Below is one of four interviews from Still Water

Interviewer: You're involved in an interesting project; walking all the way across the country.  What route are you following?

Art Garfunkel:   I left my apartment several years ago and first headed due west along the same latitude line, just to get a slice of America, traveling slowly on foot, to have more time to think, and to sing, and to write.  As I continued, the changes of itinerary just came to me; I began to drift to the south.  Lately I've thought, Am I headed for the Pacific in California or British Columbia...? It's somewhat arbitrary.   It started when I went to Japan a few years ago.  I took a freighter across the Pacific and went to Yokohama.  I traveled alone, and when I got to Japan I decided to see the country on foot, since I'd never been there.  I checked what little baggage I had into the hotel I'd arrived at, and I traveled as if I were new to earth.   Except for the fact that I was upright instead of on all fours, it was a bit like crawling out of your playpen, wandering and wondering.

Interviewer: Did you know any Japanese before you went there ?

Art Garfunkel:  I studied on the freighter going over, so I had just a little facility in speaking it.  And I could read the road signs.

Interviewer: Did you get into any trouble, being alone without much knowledge of the language?

Art Garfunkel:  By the end of the first day I was about twenty miles out and I needed a place to stay, so I stopped at an inn and in a charade-like kind of English I asked for a room.  She sent me away, so I hitched back to my original hotel.  When I later looked up the word she had used when she called her husband about me, it was alone.   They must have thought that was too strange, someone traveling on foot alone.   I set out the next day, and when I needed a room again I just relied on the human common denominator of a smile.  I didn't have any problems after that.  I was never desperate; there was always a place to say.  You can always shift for yourself; take a chance and it'll work.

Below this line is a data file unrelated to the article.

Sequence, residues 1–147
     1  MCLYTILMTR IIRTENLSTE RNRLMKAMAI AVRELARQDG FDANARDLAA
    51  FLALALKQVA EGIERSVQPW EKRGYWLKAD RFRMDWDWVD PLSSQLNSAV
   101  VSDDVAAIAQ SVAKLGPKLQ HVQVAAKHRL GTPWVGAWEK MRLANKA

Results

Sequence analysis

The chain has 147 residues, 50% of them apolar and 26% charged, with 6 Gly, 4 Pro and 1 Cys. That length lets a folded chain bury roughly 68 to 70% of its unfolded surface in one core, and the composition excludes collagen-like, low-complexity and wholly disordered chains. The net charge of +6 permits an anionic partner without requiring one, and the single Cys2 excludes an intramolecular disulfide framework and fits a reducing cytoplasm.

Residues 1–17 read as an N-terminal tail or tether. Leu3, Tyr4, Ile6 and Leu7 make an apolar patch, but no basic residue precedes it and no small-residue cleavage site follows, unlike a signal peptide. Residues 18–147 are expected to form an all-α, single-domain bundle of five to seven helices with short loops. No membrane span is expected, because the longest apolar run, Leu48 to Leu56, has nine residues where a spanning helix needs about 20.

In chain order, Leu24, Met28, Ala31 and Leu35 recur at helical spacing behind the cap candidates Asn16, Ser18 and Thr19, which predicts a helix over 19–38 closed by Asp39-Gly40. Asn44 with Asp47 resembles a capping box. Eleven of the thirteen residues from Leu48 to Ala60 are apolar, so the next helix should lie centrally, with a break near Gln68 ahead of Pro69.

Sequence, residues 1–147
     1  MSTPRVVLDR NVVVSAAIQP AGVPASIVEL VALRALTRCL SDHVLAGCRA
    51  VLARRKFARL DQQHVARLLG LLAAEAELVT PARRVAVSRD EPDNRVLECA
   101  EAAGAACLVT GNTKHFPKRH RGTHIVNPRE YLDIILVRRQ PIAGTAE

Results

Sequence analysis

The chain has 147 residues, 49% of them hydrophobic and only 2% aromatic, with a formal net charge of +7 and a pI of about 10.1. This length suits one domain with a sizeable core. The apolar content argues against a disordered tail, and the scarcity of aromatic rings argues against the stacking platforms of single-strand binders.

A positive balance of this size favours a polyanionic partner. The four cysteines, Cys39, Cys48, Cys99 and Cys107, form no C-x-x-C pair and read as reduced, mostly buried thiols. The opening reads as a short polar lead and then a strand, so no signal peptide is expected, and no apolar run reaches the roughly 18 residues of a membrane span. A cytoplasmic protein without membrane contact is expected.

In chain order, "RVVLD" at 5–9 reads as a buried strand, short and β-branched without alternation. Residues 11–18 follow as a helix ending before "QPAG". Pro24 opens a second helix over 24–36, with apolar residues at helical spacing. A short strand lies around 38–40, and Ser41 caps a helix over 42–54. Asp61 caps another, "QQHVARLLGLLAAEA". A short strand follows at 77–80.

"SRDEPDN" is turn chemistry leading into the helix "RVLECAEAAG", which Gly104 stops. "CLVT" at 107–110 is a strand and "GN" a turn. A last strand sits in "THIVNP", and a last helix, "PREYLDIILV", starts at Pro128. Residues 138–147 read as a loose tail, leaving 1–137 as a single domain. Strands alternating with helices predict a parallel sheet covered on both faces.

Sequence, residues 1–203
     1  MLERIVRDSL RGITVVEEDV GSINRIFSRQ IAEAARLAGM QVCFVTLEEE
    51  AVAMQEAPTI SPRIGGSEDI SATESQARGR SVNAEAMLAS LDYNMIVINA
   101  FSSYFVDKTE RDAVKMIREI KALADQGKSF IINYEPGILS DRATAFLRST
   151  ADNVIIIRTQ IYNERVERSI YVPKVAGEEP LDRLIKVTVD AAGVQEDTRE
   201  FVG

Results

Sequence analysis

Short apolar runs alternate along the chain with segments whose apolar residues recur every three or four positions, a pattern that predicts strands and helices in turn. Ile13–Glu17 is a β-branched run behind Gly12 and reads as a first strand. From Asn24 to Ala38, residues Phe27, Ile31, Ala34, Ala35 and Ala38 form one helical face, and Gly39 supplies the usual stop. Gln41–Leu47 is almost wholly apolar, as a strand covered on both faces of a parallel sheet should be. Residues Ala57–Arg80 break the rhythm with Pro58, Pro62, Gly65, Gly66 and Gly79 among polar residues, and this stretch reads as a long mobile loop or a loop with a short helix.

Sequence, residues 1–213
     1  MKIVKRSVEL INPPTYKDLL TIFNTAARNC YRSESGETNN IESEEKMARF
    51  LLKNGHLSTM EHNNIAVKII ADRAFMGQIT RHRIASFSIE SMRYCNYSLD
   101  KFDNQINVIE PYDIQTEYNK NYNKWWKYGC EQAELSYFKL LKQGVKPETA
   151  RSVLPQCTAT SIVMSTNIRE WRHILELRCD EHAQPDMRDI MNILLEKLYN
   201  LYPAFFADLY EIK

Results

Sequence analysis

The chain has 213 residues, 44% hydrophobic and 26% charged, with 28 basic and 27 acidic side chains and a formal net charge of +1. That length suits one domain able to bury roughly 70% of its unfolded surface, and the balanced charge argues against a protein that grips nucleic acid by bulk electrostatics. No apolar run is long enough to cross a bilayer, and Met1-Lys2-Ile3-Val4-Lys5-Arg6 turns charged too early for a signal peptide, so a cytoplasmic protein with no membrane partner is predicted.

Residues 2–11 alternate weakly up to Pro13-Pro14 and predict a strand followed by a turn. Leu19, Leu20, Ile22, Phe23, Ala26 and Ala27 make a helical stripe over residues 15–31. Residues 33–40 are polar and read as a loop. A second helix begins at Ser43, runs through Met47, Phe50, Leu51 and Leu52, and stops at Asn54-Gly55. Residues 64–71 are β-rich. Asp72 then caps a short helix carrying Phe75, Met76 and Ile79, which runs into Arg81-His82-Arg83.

Interviewer: Some of the Japanese people along the way recognized you.  Was that an odd feeling?

Art Garfunkel: It's always amusing; it's fun, the celebrity trip I've been on for twenty-something years.  It's a constant party of a kind.  It's a potential magical encounter with everyone.  A fan meets a hero, he knows him from the albums.   They start off with "Are you who I think you are?" or "Can I have your autograph?"  They're open to whatever the exchange may be.  I often get very probing.  I get into surprisingly serious conversations, things that in the normal course of socializing you'd back off from.  But you find people say, "Well, it's a celebrity situation, I'll say things I wouldn't normally say". For years I've been using the vantage point of the celebrity life to be curious about people.   You can be a reporter.  They're getting a kick out of meeting you, but you're using the celebrity thing to really make contact with them.

As a kid I was a loner.  When I achieved public recognition, it was a huge stroke of affection, and it gave me an "in" with which to make contact with people.

Interviewer: Does it often happen that the celebrityhood becomes intrusive?